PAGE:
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Obama: U.S. Military Help Likely in Iraq

Obama: U.S. Military Help Likely in Iraq

By Alexis Simendinger - June 12, 2014

Two-and-a-half years after U.S. military forces departed Iraq, President Obama said American military intervention is likely to be deployed there to assist a weakened government overrun by insurgents sympathetic to al-Qaeda.

“Iraq’s going to need more help. It’s going to need more help from us, and it’s going to need more help from the international community,” the president said in the Oval Office during a visit with Australian Prime Minister Tony Abbott on Thursday.

“I don’t rule out anything, because we do have a stake in making sure that these jihadists are not getting a permanent foothold in Iraq, or Syria, for that matter,” he said. “I think it’s fair to say that in our consultations with the Iraqis, there will be some short-term, immediate things that need to be done militarily, and our national security team is looking at all the options.”

The president was not more specific, but aides hastened to add he was not talking about putting troops on the ground. The Iraq government, under the leadership of Prime Minister Nouri al-Maliki, requested U.S. drone strikes, among other assistance, but was rebuffed in conversations this week, according to the New York Times.

The State Department is said to be drawing up contingency plans for evacuating the U.S. Embassy in Baghdad, according to a spokesman for Sen. Bill Nelson. The Florida lawmaker, a member of the Senate Armed Services Committee, attended a classified briefing on Iraq and reported that the situation there is “rapidly deteriorating,” according to the Tampa Tribune.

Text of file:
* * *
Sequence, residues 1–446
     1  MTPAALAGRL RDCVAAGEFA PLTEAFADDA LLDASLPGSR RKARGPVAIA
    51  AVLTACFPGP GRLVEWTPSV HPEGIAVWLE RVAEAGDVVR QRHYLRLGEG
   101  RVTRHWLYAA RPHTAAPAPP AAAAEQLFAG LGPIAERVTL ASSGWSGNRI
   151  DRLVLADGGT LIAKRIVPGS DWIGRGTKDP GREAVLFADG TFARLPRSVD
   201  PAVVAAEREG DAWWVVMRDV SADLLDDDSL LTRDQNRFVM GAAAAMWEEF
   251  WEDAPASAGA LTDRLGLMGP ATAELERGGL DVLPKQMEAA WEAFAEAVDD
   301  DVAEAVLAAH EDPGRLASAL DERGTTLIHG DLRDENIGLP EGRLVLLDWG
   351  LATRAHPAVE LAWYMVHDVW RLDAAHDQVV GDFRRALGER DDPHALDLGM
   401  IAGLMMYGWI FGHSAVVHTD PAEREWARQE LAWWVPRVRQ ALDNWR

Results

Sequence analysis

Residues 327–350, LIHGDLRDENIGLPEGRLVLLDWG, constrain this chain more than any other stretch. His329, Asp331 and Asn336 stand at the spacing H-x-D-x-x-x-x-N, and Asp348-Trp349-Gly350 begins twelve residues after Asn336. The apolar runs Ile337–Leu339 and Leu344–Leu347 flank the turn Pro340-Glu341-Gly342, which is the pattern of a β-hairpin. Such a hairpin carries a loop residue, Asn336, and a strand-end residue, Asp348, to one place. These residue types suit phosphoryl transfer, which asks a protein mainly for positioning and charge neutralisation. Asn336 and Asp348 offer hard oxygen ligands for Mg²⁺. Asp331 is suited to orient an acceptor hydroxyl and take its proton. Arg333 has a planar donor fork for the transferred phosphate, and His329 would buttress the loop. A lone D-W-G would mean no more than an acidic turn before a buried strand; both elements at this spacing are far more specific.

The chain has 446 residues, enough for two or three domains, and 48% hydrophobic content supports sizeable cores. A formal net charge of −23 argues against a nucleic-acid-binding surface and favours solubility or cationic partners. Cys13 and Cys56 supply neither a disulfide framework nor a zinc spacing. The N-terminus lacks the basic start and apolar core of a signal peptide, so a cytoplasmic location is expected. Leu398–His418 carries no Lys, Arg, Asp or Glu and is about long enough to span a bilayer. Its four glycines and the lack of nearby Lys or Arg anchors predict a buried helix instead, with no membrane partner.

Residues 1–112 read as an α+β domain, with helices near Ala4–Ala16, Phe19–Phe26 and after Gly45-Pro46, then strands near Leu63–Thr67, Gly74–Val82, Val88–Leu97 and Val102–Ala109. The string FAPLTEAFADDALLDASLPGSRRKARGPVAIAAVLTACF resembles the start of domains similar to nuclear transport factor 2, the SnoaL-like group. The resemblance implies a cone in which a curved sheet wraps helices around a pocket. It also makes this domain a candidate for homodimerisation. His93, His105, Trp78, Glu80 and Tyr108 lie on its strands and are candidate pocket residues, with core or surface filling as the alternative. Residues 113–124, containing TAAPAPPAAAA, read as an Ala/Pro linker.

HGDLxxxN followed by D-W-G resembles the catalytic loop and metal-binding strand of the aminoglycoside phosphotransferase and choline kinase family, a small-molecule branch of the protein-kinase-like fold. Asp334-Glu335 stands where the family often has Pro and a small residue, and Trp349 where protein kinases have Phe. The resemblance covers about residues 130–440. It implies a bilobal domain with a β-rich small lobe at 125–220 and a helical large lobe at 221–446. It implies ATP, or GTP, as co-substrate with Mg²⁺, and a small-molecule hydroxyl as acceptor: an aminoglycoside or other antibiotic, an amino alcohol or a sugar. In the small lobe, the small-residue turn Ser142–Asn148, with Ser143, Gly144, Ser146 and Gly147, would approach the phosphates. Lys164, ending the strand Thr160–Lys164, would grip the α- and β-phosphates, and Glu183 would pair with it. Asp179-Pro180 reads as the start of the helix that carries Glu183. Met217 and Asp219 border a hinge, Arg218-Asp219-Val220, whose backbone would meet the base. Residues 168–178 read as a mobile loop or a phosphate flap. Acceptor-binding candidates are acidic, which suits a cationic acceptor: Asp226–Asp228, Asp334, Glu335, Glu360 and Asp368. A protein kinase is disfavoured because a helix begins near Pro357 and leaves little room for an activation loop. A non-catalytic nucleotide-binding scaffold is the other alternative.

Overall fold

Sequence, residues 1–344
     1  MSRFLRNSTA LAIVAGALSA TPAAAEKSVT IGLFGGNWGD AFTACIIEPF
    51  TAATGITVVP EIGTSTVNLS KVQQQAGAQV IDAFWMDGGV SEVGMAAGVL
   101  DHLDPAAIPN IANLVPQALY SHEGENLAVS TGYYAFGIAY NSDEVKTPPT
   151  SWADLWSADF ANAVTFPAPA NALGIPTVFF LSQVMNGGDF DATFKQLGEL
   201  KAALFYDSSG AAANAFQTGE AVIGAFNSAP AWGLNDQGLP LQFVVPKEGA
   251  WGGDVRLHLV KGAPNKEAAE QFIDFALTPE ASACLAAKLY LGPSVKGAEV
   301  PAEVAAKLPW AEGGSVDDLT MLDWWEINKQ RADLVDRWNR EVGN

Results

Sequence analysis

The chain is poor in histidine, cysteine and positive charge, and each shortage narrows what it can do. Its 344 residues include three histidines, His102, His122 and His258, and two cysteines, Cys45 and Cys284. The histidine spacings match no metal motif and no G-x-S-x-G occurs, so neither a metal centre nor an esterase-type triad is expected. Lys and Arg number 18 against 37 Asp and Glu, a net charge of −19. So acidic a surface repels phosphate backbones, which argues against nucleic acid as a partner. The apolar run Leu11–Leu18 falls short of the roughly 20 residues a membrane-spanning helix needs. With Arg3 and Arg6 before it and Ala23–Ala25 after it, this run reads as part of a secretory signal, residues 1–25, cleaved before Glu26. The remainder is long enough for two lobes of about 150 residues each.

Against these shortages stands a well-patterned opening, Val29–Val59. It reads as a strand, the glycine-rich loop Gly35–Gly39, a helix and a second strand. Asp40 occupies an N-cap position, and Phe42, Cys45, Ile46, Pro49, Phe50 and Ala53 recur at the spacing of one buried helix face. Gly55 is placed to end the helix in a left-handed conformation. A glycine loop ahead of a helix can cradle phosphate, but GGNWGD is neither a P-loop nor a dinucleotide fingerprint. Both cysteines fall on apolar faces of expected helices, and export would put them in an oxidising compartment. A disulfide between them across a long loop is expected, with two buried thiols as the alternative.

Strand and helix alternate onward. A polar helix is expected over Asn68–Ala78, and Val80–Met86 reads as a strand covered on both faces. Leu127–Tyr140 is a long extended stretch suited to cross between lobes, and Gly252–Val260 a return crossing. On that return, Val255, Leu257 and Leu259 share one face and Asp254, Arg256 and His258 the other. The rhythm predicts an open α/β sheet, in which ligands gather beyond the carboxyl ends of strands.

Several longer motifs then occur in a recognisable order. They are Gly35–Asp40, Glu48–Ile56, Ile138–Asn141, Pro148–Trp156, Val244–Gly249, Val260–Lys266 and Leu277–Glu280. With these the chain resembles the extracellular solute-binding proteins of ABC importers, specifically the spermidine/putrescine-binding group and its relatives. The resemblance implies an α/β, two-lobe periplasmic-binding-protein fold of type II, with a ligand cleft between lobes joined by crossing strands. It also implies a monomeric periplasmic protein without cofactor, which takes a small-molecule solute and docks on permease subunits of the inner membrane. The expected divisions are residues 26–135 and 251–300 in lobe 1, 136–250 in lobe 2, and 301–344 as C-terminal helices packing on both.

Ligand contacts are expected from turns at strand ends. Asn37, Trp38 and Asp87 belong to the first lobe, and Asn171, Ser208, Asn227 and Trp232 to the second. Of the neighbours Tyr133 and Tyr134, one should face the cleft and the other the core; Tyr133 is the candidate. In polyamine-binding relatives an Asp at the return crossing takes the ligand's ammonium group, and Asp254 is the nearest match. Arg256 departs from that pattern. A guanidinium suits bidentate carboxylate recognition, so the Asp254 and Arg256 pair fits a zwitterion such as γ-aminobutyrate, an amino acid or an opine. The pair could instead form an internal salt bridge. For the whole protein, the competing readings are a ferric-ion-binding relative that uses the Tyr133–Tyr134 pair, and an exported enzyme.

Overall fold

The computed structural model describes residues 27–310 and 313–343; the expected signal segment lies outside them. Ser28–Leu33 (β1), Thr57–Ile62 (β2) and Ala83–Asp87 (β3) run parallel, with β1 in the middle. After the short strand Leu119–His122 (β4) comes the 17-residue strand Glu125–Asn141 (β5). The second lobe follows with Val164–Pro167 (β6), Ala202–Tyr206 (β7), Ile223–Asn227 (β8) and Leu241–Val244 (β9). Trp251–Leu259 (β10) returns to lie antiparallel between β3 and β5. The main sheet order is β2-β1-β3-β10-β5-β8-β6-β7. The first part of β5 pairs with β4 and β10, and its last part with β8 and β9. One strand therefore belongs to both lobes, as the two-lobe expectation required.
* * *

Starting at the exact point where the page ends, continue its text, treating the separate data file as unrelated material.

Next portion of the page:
Obama said the militant incursion, which has surged toward Baghdad in the last 24 hours, “should also be a wake-up call for the Iraqi government that there has to be a political component to this, so that Sunni and Shiite care about building a functioning state that can bring about security and prosperity to all people inside Iraq.”

The militant group known as the Islamic State in Iraq and Syria (ISIS) has captured Mosul, Iraq’s second-largest city and is threatening to seize more territory, including the capital of Baghdad.

The president said political concessions between Sunni and Shiite “haven’t [been] seen so far.”

Obama said, as he did during his recent West Point commencement address in New York, that the United States seeks to partner with other nations to “extend our reach” to hot spots globally “without sending U.S. troops to play whack-a-mole wherever there ends up being a problem in a particular country.”

But he called the conflict in Iraq “clearly an emergency situation.” 

Earlier Thursday, Vice President Biden spoke by phone with al-Maliki, making clear that the U.S. is prepared to step up its support of Iraq in its struggle with the insurgent forces. 

Alexis Simendinger covers the White House for RealClearPolitics. She can be reached at asimendinger@realclearpolitics.com. Follow her on Twitter @ASimendinger.

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